Welcome to Tarsus

Welcome to Tarsus

It’s been a while since I’ve posted about myself, so I thought I’d give you all an update on my life and talk a little about what’s been going through my mind.

I’m in a weird spot in life these days. To most, it just looks like a time of transition, a change in life direction. To some, it looks like an opportunity to move in a new direction. To me, it looks like waiting on God’s direction while doing my best to bloom where I’ve been planted.

Let me explain.  Continue reading “Welcome to Tarsus”

Joy and Seriousness

This past Sunday, I was visiting a church and the guest speaker was sharing something that God had impressed on his heart recently: The mark of Christianity is the permeating joy of Christ.

As he affirmed over and over, there was nothing surprising or new to his message. However, it was still a message worth sharing and worth pondering. How can my show, even when I’m not talking about it? His assertion was that it’s deep-seated, situation-independent joy. People should be able to look at us and recognize an inexplicable joy.

This reminded me of an experience I had a couple months ago. My small group was meeting at a local burger joint, and we were taking time sharing what God had been teaching us recently.  Continue reading “Joy and Seriousness”

God’s Grand Narrative and WCCC

Over the past few weeks, my Bible Study has been going over Stephen’s story in Acts 6:8-7:60. In his story, we see that Stephen, filled with the Holy Spirit, has to deal with opposition. Well, not just opposition. He’s arrested and put on trial, facing false accusations, and forced to defend himself. In the face of this opposition, Stephen relies on God and confidently responds, confounding and infuriating the Jews.

Stephen was accused of speaking against the temple and the law, both of which were held to be very sacred by the Jews. When asked to defend himself, Stephen gives a sermon about the work of God through the nation of Israel. He showed that God did not dwell primarily in the temple, and that He actively sought a relationship with His people. This culminated God the Son becoming a man, namely, Jesus, whom the Jews had killed. Enraged, the Jews drag him out of the city and begin to stone him. And with his dying breath,Stephen prayed that God would have mercy on his murderers.

Stephen’s confidence came from knowing that he was a part of the work that God had begun thousands of years before. During his sermon, Stephen traced God’s work, starting with Abraham, and he derived a confidence and security from the eternal perspective that this gave him.

If you’re a Christian, have you ever taken the time to trace God’s work all the way up to you? Not only does it give us a new perspective on everything, but it’s also kinda fun.

I wanted to do that for our group at West Covina Christian Church. It’ll start out with things that are applicable to every believer, but as we get closer and closer to our time, each of our stories will begin to diverge. And that’s the beauty of it. God has been weaving our threads together since the dawn of time, creating an immense tapestry that we can just barely glimpse if we really try. So let’s try! Continue reading “God’s Grand Narrative and WCCC”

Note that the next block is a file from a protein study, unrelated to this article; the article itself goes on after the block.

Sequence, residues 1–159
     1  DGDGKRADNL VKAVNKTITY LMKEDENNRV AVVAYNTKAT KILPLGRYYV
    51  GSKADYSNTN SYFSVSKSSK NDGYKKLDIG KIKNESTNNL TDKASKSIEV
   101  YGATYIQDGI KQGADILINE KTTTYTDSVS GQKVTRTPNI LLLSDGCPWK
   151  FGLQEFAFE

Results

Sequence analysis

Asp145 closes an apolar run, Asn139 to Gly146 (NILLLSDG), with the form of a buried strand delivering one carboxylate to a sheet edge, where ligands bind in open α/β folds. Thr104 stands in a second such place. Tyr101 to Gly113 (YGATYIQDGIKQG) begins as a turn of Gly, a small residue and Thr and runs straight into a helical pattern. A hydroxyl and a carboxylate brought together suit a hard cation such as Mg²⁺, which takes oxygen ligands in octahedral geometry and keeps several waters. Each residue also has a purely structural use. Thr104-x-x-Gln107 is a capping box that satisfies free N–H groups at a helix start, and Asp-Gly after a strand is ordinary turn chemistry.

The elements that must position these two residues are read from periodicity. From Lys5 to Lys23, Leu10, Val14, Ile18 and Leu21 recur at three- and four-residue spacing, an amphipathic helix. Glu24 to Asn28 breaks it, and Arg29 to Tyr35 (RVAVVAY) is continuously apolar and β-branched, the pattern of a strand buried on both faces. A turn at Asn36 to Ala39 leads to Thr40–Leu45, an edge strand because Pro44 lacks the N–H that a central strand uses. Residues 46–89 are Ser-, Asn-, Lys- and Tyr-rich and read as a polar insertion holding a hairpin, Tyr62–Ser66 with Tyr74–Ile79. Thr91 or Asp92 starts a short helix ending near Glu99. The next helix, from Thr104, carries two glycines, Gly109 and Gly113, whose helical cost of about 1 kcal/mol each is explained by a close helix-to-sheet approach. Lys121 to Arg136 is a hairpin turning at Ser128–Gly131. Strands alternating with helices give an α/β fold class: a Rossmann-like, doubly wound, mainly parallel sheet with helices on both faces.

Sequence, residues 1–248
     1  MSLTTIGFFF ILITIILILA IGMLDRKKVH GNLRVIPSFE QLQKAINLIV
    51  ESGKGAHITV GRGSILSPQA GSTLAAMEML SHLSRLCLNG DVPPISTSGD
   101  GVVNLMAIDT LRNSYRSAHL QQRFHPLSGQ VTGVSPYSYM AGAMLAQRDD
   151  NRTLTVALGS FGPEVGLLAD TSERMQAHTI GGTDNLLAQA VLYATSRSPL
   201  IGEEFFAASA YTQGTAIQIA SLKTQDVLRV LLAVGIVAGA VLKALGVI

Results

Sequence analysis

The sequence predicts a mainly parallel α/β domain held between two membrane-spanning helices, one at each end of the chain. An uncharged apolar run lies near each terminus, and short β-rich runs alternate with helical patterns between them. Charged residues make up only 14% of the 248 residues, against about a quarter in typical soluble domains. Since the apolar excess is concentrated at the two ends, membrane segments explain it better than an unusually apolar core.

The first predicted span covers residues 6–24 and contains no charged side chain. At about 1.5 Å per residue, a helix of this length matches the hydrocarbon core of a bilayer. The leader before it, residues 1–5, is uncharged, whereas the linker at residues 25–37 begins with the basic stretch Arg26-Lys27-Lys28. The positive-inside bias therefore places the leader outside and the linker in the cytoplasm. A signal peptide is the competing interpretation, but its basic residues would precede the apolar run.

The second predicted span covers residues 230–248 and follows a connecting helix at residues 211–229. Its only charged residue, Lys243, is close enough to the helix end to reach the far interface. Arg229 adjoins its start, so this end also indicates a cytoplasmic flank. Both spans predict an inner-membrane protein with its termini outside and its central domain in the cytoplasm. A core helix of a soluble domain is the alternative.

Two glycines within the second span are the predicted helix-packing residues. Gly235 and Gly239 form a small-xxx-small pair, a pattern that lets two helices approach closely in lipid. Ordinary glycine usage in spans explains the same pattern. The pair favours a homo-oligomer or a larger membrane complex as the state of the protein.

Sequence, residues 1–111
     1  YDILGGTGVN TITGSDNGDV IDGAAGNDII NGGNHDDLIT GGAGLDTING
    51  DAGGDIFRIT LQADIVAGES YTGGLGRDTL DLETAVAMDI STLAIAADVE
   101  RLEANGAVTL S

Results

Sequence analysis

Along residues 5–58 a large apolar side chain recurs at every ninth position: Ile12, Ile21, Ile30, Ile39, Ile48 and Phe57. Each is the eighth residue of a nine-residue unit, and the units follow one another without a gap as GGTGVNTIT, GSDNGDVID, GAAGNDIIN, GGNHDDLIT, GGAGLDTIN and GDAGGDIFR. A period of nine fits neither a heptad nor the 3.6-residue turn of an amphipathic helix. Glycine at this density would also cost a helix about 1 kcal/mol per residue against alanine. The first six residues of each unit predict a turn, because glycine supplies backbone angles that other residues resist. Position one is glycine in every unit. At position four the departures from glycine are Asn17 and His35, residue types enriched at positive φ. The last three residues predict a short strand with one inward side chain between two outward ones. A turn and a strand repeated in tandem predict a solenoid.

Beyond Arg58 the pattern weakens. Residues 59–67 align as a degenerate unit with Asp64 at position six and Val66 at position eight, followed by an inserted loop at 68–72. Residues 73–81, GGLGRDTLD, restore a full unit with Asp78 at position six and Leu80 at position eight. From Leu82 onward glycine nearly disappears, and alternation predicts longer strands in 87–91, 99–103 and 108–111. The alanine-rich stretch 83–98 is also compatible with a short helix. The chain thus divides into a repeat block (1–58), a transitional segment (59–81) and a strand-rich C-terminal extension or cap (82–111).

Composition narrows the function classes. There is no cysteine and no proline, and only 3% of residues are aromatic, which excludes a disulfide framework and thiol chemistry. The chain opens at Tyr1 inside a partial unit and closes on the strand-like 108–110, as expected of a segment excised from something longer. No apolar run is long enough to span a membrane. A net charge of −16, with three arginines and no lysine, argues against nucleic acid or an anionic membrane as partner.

Convenient Divorce: A Modern Mentality?

For me, one of the greatest disappointments regarding divorce is the apparent frivolity surrounding it. So often we hear that the cited reason for divorce is “irreconcilable differences”, and we joke that that could mean almost anything. The sad thing is that, due to the obscenely high divorce rate, many people go into marriage expecting, or at least preparing for divorce. And I would dare say that some people get married because they know they can always just get a divorce if things don’t turn out how they envisioned (side note from a realist: things never turn out exactly how you envision). Continue reading “Convenient Divorce: A Modern Mentality?”

Thoughts from Jesus’ Temptation

I’ve been going through Matthew for my daily Bible reading. It’s amazing to me what I still pick up, even though I’ve probably been through Matthew a dozen times or more.

If you’re human, you struggle with temptation. Maybe it’s resisting that Reece’s Peanut Butter Cup or hitting that snooze button one more time. Maybe it’s the siren call of a winning scratcher, or the “come hither” eyes of that pornographic image. Whatever it is, there’s some temptation in your life. It’s a (now) natural part of life on Earth.

In Matthew 4, Jesus is led by the Spirit into the wilderness for forty days. If you’re familiar with the story, you’ll recall that Jesus is tempted by the #1 demon, the adversary himself. And Jesus cleanly and decisively shuts him down, not once, not twice, but three times.

Most of the time people highlight Jesus’ usage of Scripture in defeating sin. I don’t want to take away from that at all. Memorizing and dwelling on Scripture is an excellent way to fight sin. But as I was reading today, one thing that really stood out was how swiftly Jesus rejected the temptation. He wasn’t sitting and staring at the stones, thinking about maybe turning one into a baguette. He answered immediately with Scripture and conviction that the very word of God sustained him.

Struggling in your fight with temptation? Try saying “No” right away, then leaving. Don’t sit near it. Don’t think about it. Just say no.